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Allan McCollum creates a commissioned installation in the Portland desert

Tags: Allan McCollum / High Desert Museum / Portland Art Museum / Delia Paine

Allan McCollum, The Shapes Project. Courtesy of the artist and the High Desert Museum

High Desert Museum’s new exhibit – Art for a Nation: Inspiration from the Great Depression – explores the Works Progress Administration (WPA), a U.S. government program that employed millions of people during the Great Depression, including artists, musicians and writers. More than 100,000 works of art were created with the assistance of the WPA, which commissioned future luminaries Jackson Pollock, Willem de Kooning, and Mark Rothko, among others.


The exhibition will highlight the history, people and impact of the WPA and will include relevant paintings and prints from the Portland Art Museum and an immersive scene from the Great Depression. In addition to the historical exhibition, the Museum has, in the spirit of the WPA, commissioned three contemporary artists to create original works, including the New York-based artist Allan McCollum (Los Angeles, 1944), who has spent more than 45 years exploring how objects achieve public and personal meaning in a world inundated by mass production. For this show, he has partnered with Bend artist Delia Paine to create an installation composed of more than six thousand buttons, each of them with a unique shape.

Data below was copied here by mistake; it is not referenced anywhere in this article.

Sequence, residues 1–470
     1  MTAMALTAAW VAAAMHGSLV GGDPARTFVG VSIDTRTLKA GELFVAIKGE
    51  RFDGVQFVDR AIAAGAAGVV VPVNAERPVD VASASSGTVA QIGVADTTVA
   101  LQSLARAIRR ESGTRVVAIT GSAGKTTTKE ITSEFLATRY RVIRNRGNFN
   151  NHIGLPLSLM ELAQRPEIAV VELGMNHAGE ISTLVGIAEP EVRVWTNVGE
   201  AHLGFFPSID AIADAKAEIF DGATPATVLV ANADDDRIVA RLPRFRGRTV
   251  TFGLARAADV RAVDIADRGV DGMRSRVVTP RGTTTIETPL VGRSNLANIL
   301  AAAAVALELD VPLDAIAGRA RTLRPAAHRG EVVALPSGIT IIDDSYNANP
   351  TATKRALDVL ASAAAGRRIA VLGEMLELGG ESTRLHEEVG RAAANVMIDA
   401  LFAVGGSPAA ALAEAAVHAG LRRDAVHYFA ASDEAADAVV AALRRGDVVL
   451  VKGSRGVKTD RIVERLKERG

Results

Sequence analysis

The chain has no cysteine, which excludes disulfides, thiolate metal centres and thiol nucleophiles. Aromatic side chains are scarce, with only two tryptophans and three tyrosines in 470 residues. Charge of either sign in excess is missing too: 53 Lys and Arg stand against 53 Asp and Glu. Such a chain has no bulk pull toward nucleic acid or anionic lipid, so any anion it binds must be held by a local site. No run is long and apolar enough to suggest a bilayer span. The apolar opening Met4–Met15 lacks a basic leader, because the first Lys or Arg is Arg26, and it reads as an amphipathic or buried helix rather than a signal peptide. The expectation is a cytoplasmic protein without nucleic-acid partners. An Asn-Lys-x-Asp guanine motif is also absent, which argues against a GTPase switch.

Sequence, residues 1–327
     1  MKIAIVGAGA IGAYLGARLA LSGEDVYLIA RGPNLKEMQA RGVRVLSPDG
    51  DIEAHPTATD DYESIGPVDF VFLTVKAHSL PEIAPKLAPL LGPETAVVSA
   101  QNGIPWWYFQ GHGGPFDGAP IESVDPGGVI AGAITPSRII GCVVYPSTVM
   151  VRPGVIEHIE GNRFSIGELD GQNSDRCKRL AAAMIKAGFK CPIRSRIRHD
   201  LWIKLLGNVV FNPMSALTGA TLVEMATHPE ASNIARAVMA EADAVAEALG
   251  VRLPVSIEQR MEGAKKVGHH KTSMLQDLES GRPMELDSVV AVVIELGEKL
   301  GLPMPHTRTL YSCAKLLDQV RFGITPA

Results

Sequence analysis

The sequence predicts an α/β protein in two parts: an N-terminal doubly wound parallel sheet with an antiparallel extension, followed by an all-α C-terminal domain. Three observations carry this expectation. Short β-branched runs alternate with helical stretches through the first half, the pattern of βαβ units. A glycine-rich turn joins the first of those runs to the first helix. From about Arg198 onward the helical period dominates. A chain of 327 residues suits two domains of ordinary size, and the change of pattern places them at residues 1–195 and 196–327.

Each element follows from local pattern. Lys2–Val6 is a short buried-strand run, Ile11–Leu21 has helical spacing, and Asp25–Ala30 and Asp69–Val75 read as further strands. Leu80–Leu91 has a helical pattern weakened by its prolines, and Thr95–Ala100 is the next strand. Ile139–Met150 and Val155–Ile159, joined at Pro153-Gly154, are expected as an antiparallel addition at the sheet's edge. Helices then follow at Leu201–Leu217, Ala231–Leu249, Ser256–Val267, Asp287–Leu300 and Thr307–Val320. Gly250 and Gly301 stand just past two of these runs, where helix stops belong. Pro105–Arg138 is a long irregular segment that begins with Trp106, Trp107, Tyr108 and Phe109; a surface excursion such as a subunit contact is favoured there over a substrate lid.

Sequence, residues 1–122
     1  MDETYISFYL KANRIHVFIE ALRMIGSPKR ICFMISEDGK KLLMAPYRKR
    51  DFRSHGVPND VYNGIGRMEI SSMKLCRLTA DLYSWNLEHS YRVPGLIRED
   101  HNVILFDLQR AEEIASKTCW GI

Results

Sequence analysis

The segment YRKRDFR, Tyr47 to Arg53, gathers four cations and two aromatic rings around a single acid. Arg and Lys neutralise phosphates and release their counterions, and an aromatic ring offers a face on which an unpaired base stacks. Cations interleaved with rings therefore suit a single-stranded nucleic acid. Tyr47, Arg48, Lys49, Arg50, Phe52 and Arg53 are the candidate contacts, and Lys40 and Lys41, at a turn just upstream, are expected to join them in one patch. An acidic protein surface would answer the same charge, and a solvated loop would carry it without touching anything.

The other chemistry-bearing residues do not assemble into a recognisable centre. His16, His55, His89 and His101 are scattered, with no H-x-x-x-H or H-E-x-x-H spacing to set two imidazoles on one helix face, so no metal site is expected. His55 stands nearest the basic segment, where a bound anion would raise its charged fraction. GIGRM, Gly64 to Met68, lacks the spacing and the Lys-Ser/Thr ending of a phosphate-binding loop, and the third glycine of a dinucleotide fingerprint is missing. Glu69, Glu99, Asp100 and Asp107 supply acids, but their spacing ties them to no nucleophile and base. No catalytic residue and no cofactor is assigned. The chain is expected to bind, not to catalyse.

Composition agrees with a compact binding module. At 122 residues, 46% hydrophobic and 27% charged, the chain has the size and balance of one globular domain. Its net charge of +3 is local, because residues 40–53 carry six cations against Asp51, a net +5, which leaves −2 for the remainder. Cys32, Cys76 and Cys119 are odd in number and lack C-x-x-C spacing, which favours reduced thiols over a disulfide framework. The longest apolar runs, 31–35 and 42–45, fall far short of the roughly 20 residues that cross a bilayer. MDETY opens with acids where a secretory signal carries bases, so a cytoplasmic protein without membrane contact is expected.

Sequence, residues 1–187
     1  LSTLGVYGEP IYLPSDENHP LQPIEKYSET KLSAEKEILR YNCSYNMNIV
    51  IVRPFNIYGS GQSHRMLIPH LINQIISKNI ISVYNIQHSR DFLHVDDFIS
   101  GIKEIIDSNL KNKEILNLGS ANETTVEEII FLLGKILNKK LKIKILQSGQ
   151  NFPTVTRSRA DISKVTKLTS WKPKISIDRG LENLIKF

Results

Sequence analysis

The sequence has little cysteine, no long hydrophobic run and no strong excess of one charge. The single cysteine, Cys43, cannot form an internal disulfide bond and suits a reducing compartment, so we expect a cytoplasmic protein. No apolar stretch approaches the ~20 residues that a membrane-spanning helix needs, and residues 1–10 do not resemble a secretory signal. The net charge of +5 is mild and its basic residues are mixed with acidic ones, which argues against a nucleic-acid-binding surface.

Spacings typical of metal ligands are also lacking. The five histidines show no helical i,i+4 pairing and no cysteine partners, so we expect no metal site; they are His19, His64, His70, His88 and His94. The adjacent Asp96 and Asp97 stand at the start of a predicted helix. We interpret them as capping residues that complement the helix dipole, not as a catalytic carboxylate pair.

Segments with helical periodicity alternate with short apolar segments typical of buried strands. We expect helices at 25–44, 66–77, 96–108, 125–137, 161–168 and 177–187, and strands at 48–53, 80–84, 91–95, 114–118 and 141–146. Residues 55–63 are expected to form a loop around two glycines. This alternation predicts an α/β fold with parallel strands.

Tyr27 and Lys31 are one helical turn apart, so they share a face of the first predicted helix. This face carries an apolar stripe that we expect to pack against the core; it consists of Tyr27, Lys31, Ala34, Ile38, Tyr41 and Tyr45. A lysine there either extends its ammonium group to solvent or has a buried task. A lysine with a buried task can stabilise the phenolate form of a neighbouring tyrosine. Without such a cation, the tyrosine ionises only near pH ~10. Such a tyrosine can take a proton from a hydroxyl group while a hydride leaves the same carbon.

The exhibit will run from April 16th to October 2nd at the High Desert Museum in Bend, Oregon. For more information, please visit the museum’s website.